Ubaldo labors, but battles through five

Ubaldo labors, but battles through five

MINNEAPOLIS -- While dropping eight of 10 games, the Orioles haven't provided their pitchers with a lot of support. That was the case on Wednesday for Ubaldo Jimenez, who received just one run while working in and out of jams during five shutout innings. He ended up with a no-decision in the Orioles' 5-3 loss to Minnesota.

Jimenez gave up seven hits and walked three batters, but he kept the Twins off the board and gave his team a chance to win. Minnesota got to relievers Bud Norris and Chaz Roe in the sixth and seventh.

"He was frustrated. He likes to get deep in the game, but at the end of five innings, there were five zeroes up there," Orioles manager Buck Showalter said of Jimenez. "[Minnesota] had people in scoring position, couldn't do much with it. It's not as easy as it looks."

The Twins had no problem getting runners on, but they went 0-for-10 with runners in scoring position against Jimenez.

Twins second baseman Brian Dozier led off the bottom of the first inning with a single and stole both second and third. After consecutive walks to Trevor Plouffe and Miguel Sano, Jimenez got both Torii Hunter and Eddie Rosario on swinging strikeouts.

Ubaldo ends bases-loaded threat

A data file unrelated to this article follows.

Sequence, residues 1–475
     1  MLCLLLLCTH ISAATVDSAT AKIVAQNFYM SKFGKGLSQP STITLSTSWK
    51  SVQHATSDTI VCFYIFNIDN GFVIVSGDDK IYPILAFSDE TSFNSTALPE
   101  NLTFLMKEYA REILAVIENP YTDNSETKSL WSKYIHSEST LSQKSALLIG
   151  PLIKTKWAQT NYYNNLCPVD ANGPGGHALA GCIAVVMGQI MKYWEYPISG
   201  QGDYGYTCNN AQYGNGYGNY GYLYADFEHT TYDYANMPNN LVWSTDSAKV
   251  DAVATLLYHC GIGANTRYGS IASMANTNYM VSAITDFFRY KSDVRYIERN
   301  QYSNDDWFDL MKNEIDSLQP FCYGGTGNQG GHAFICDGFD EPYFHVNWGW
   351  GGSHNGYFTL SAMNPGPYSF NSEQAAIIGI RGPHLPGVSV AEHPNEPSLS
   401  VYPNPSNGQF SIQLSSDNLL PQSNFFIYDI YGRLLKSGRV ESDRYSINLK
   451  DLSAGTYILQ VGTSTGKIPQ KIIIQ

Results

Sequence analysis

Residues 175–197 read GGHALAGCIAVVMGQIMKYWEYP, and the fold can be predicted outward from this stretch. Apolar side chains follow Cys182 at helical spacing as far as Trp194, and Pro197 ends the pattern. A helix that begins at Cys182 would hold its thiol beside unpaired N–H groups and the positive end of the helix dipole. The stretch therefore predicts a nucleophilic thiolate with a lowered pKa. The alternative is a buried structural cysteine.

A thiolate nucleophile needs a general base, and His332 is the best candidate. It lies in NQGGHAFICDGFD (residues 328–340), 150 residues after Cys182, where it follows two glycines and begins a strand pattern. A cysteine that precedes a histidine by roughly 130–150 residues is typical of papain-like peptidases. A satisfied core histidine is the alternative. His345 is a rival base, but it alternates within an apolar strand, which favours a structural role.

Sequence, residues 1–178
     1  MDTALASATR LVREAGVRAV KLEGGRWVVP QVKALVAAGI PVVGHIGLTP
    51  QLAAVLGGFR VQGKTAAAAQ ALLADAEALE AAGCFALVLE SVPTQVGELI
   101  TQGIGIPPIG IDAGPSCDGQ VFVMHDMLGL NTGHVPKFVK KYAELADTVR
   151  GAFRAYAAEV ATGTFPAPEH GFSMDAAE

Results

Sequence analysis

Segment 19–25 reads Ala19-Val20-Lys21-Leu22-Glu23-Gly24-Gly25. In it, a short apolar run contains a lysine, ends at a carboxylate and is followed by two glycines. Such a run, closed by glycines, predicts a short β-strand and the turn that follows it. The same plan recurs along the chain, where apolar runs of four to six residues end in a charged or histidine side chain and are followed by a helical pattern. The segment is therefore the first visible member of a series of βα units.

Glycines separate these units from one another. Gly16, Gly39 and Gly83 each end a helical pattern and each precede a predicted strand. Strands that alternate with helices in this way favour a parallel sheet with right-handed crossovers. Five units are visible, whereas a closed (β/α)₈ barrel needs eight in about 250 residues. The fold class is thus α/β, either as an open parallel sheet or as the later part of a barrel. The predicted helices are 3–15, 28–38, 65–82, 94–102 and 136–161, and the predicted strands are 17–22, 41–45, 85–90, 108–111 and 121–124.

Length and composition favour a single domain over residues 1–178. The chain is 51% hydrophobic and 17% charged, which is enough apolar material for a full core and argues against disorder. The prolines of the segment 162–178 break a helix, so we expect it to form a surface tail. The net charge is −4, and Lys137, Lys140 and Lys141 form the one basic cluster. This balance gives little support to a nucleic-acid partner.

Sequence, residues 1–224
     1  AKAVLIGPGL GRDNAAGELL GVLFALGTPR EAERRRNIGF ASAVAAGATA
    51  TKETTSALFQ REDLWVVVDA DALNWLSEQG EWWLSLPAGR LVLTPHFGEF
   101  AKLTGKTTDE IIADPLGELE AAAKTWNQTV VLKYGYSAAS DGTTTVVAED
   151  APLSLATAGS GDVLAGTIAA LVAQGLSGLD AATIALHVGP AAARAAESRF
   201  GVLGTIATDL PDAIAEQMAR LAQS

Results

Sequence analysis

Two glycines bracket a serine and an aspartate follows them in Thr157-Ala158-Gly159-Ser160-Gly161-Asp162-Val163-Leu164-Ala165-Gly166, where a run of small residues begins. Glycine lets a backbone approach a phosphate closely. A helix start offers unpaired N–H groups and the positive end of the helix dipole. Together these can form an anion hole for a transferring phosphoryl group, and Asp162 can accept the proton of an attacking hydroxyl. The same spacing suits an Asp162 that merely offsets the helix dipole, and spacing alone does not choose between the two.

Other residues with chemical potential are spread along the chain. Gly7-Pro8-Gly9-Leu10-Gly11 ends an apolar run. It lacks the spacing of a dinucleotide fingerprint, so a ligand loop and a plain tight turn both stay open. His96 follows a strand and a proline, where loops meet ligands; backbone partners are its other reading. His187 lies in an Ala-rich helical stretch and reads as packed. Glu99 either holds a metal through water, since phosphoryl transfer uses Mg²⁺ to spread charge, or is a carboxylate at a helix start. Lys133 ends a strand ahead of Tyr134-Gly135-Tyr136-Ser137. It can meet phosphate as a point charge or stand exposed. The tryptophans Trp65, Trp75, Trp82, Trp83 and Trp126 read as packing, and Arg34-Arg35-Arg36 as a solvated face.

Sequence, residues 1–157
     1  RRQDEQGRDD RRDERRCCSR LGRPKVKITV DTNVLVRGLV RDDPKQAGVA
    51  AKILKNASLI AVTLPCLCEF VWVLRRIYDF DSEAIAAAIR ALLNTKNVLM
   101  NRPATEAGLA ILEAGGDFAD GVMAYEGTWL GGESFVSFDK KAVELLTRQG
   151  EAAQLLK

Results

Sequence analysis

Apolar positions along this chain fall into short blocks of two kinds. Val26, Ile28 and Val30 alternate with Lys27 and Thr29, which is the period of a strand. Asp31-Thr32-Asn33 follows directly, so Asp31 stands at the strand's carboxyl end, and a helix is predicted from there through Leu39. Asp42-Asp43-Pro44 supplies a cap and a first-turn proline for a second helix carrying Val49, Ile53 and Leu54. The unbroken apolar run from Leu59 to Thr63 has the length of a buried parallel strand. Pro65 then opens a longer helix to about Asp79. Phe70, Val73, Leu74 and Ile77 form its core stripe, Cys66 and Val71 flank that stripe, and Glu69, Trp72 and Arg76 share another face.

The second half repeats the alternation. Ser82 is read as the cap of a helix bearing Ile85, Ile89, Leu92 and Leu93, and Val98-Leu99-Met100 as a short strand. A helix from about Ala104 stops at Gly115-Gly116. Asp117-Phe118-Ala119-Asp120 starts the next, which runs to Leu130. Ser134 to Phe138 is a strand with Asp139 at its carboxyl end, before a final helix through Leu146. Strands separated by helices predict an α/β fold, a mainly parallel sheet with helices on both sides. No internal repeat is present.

"They find a way to get on base. It doesn't matter how," Jimenez said. "They work the count a lot. It seems like I [had] a 3-2 count on most of the hitters, and then I didn't have my breaking ball."

It took Jimenez 33 pitches to get through the first inning and 110 through five, which prompted his early exit. After the first, he said he went more to his two-seam fastball, because the ball was carrying at Target Field.

"In the first inning, I threw way too many breaking balls, and then I was falling behind in counts," Jimenez said. "But after that, I kept making pitches inside to a lefty and down and away to righties."

Jimenez lowered his ERA to 2.81 in his final start of the first half.

"When you're having a good year like he's having, in those situations, you fight your way through," Showalter said. "We're just not giving pitchers much margin for error offensively."

Betsy Helfand is an associate reporter for MLB.com. This story was not subject to the approval of Major League Baseball or its clubs.